Emotionally driven, I maintained the belief that my only way out was suicide. I was admitted to an inpatient PTSD treatment program and spent the next two months working on all the things that I had never allowed myself to process. I had stuffed every experience into a neat little box, but it had broken open, and now I had to deal with everything at once. Through daily counseling, group, art and animal therapy, cognitive behavioral therapy, cognitive process therapy, research and studying, I was taught coping skills. I could disclose every element of every experience without being judged, and I found that I even had support. I didn’t need to fear the people and the mental and emotional work I was beginning. I started to see myself as a human being, and realized I didn’t need to strive for perfection or seek approval from everyone. I recreated myself from the ground floor, one step at a time. After the PTSD program, I returned home and continued with an outpatient program for two more months and therapy at least twice weekly. I learned to feel things as they came instead of hiding from them. I learned who I could trust and where to turn in crisis, who to lean on and that they could be extremely understanding and compassionate. I didn’t just “get over” the suicidal ideations, they stuck around for over a year, but not as strong, I had to work through many more times where I felt worthless and hopeless – but, those times, I knew where to turn.
Recovering from a place of giving up completely on life and such self-loathing is extremely difficult. It has been mentally exhausting and tough not to just throw in the towel on occasion. I have seen psychologists, psychiatrists, and chaplains. I have called up the suicide hotline just to get through the night, and I lean on several good friends when needed. I have done research and studied PTSD, depression and anxiety, and I hope to find the best way for me to deal with the struggles that come with these mental challenges. I no longer feel I have to handle everything on my own, and I know where to turn when I need to. I am doing so much better mentally and emotionally because I have created a much stronger, healthier individual than I could have ever known possible. I actually have self-esteem and don’t need to rely on what I do to make my life worthwhile.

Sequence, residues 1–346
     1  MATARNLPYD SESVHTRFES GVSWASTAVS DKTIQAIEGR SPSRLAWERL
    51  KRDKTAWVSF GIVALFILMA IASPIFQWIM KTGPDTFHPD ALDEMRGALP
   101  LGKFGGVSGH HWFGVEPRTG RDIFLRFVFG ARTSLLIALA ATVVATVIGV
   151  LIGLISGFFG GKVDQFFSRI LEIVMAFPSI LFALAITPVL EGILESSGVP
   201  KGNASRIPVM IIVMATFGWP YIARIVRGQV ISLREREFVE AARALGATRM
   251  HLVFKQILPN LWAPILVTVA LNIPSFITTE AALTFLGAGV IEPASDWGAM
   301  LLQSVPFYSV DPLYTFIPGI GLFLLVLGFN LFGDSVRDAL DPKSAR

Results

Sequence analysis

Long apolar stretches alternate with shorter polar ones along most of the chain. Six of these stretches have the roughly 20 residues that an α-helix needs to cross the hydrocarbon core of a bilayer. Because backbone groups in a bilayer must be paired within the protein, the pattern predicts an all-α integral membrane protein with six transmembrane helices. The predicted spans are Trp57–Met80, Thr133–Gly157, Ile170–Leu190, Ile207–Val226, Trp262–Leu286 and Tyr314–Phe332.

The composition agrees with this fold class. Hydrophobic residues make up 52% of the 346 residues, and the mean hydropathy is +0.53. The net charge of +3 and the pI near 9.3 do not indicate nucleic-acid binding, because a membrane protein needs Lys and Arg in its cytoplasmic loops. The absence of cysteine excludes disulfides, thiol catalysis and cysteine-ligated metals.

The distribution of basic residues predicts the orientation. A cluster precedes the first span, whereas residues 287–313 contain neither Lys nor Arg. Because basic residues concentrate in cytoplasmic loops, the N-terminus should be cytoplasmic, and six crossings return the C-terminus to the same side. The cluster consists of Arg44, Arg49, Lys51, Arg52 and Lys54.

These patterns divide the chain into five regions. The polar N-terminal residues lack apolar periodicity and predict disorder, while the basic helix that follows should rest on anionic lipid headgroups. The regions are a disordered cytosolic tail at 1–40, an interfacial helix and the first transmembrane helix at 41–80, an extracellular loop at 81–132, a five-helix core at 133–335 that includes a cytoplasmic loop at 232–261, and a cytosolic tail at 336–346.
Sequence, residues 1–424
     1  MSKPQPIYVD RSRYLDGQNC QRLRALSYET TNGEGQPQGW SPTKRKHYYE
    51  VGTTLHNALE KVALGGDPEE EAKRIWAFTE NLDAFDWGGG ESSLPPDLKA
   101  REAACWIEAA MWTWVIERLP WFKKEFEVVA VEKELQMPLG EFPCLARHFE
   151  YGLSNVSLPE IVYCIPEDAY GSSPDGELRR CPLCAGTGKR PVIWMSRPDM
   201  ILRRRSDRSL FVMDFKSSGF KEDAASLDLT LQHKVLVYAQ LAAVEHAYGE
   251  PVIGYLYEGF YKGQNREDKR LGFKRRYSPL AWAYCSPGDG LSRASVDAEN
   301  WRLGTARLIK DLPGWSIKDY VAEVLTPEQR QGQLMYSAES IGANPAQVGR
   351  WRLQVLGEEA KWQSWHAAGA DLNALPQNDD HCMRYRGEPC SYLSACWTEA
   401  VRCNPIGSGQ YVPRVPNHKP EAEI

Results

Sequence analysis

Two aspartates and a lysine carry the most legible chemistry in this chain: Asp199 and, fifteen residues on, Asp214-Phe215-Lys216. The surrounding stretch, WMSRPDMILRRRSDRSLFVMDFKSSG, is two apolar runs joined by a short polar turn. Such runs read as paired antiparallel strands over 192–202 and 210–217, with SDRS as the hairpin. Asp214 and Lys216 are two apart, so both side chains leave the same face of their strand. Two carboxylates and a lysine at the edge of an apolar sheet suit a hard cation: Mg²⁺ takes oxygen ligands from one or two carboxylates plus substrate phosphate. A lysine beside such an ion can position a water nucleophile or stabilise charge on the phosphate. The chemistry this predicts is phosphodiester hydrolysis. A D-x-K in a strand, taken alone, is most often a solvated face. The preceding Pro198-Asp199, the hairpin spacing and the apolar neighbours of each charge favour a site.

My career has continued to move forward even with these struggles, but it hasn’t been without the help from my commands, a few extremely close friends and my spouse. After my suicide attempt and during my care, the command supported me in every way possible. A med-board was not automatically started, and I wasn’t handed off as a problem for someone else to take care of. They had expectations for me but never pushed harder than I could handle. They never removed my power of choice and allowed me to have a lot of say in how things would be handled. I was given opportunities to regain my position and responsibilities but at my pace, not under pressure. My name remained on the advancement list, and I maintained my recommendation allowing me to advance to E-8 a little more than a year after my attempt. My shipmates stood by on the difficult days when I was re-qualifying as an instructor and never hesitated to step in and help when I would have a panic attack. Never once did anyone gripe that I wasn’t pulling my weight, which had been a major concern of mine.
Beating down the stigma of mental health has been difficult, but the more it is seen and discussed the easier it gets. For anyone who may be ignoring or stuffing their feelings, emotions, or possible traumatic events, I highly suggest seeking out help early and often even if it doesn’t seem like an event has affected you. Talk about your challenges and struggles with a trusted friend or family member, and if you still struggle, speak to the chaplain or find a good therapist to help you through. There is never a reason to go through these things alone. None of us are robots, we are all human beings, meant to feel a wide range of emotions, and we deserve the respect and freedom to deal with all our feelings without judgment or fear. We each have more supporters than haters in our lives, and no one should have to go through the tough stuff alone. Dismiss your pride, listen to what your body and mind are telling you and find help in a healthy way. Allow yourself to be vulnerable for a moment and remember we all have good and bad days. Try not to judge your feelings and do not judge others, because no one knows the whole story.
To hear more about AETCS Dasher’s road to recovery, click the below thumbnail to be directed to a video. And, stay tuned for more guest blog posts during the month of September.